The Spitalfields Historic Buildings Trust, which rescued some of the East End’s most endangered buildings in the 1970s, is this month to unveil the results of its biggest-ever restoration project.
Shurland Hall on the Isle of Sheppey will go on the market with a price tag of £2 million - making it the most expensive house ever offered in what is a remote corner of north-east Kent.
The building was originally the gatehouse to a grand Tudor house, where it is thought Henry VIII spent his honeymoon with Ann Boleyn. Until the trust intervened it was close to collapse having been left unoccupied since the Second World War when it was commandeered as an army billet.
With the help of a £300,000 grant from English Heritage, £1 million of the trust’s money, and a £600,000 loan from the Architectural Heritage Fund, the Hall has been rebuilt as a five-bedroom, three-bathroom house.
It is being sold as a shell so the new owner can fit out the kitchen and bathrooms to their taste. The house comes with a walled garden and nearly 10 acres of land. Below an unprepossessing iron shed are the remains of a Tudor brick barn, which has planning permission for conversion into several cottages.
For many visitors, the Isle of Sheppey has an end-of-the-world feel about it and much of its landscape is blighted by heavy industry and the march of electricity pylons, which stride across an often bleak landscape. But, Shurland Hall, on the outskirts of the village of Eastchurch is set in a hilly rural enclave and from its top floors has fine views across water meadows to the sea.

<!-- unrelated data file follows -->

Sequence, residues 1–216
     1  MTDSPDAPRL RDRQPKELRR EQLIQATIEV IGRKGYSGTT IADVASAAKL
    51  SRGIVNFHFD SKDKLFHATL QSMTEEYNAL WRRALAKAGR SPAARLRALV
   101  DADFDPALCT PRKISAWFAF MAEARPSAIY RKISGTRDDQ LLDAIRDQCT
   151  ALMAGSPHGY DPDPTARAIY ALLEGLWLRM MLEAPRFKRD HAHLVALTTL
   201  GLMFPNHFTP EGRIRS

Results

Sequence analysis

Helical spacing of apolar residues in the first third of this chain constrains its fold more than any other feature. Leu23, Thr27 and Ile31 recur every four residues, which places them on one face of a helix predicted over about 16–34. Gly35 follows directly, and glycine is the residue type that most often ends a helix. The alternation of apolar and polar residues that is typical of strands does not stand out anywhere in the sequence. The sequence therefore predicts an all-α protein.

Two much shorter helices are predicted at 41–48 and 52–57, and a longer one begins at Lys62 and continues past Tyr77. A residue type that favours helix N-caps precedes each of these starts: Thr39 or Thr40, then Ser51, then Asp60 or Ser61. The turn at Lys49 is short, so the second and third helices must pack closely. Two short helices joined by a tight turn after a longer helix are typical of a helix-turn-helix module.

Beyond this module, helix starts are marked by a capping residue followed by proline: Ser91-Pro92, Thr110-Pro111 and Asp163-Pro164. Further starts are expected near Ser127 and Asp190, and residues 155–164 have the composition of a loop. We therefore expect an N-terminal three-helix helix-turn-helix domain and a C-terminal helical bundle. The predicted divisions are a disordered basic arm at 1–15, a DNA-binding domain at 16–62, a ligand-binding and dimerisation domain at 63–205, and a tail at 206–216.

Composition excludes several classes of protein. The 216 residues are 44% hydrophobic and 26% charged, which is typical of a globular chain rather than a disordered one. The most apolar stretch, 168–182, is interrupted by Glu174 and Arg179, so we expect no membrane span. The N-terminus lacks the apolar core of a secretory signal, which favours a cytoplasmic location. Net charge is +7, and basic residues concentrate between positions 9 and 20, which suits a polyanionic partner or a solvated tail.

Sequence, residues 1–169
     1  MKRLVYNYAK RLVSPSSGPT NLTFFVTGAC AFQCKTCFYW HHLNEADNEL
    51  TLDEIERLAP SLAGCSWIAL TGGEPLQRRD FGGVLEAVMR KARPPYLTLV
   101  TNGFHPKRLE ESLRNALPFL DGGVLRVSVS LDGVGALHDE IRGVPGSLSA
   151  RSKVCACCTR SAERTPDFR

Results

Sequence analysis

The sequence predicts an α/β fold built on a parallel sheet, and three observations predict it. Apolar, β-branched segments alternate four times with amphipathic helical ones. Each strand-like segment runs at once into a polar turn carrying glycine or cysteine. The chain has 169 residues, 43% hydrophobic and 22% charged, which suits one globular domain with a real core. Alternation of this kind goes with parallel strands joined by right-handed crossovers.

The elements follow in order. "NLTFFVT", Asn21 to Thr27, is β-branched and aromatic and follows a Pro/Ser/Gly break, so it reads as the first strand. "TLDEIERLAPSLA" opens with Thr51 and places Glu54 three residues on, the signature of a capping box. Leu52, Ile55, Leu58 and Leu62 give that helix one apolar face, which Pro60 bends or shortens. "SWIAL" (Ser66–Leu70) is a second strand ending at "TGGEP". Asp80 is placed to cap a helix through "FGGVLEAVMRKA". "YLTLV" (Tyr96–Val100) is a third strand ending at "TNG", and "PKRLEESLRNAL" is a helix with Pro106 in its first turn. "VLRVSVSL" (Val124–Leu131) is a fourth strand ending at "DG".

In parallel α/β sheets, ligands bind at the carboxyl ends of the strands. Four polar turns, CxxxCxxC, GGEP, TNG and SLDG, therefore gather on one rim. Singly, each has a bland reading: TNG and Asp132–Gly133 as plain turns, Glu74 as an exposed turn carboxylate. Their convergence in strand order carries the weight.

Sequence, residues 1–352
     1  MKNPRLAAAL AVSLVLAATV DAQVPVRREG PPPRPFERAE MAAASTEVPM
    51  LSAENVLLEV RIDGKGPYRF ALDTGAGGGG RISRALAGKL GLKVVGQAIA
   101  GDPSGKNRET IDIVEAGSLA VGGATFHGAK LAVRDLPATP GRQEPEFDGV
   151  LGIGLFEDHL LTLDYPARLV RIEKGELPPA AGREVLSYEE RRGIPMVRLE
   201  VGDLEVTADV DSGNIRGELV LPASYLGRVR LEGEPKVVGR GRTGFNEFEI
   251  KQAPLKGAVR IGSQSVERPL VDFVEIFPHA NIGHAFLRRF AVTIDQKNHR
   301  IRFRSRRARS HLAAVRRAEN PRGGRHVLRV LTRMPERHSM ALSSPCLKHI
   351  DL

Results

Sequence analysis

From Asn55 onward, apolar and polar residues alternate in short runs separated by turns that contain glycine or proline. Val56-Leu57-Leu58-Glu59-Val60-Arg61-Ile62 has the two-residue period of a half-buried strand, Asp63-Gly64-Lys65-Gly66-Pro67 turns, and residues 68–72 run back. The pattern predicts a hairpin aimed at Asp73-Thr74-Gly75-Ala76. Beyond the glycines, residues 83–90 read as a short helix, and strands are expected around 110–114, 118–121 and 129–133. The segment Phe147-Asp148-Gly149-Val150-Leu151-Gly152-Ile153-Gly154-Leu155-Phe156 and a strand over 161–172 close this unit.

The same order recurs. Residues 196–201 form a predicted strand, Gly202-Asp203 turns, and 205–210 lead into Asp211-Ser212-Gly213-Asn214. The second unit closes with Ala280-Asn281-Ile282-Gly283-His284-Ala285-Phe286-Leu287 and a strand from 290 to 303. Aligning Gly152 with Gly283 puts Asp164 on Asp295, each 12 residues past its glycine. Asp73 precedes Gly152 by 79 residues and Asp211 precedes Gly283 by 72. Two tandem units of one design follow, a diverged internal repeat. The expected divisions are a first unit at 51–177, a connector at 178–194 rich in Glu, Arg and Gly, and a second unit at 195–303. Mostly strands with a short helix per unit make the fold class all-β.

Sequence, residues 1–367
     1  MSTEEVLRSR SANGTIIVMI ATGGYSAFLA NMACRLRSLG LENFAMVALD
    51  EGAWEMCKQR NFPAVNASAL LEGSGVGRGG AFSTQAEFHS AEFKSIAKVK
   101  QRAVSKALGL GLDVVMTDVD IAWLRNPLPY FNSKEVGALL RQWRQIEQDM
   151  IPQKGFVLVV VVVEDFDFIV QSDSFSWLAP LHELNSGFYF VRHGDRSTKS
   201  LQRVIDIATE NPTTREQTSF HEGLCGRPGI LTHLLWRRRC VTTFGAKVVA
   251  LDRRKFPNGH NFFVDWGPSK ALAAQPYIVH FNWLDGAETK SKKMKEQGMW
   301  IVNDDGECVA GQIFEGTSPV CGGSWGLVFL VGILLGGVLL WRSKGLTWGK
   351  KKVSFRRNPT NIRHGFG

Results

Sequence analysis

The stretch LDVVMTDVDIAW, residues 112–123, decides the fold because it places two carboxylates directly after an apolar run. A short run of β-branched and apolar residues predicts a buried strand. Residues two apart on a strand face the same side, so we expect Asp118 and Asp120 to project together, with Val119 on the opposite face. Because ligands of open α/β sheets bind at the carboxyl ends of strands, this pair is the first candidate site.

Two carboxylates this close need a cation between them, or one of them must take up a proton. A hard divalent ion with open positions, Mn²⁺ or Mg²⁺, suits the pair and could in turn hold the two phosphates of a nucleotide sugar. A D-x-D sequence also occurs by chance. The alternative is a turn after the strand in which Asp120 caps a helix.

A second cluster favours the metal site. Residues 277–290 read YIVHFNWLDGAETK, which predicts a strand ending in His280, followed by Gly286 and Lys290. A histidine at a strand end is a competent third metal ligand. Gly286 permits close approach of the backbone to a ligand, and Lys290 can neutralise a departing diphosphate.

A new bridge on to the Isle of Sheppey, which opened in 2006 has cut the journey to the City via the M20 to about an hour, so the trust is hoping its latest offering may attract a City buyer with a City bonus to spend.
After the three-year restoration programme, the trust’s Tim Whittaker, says he hopes Shurland Hall will be sold to an owner who can cherish it: “We are really chuffed to have done this. Other people had tried but we were the first to put a realist plan in place.”
For more information, call Jackson-Stops & Staff (020 7664 6644).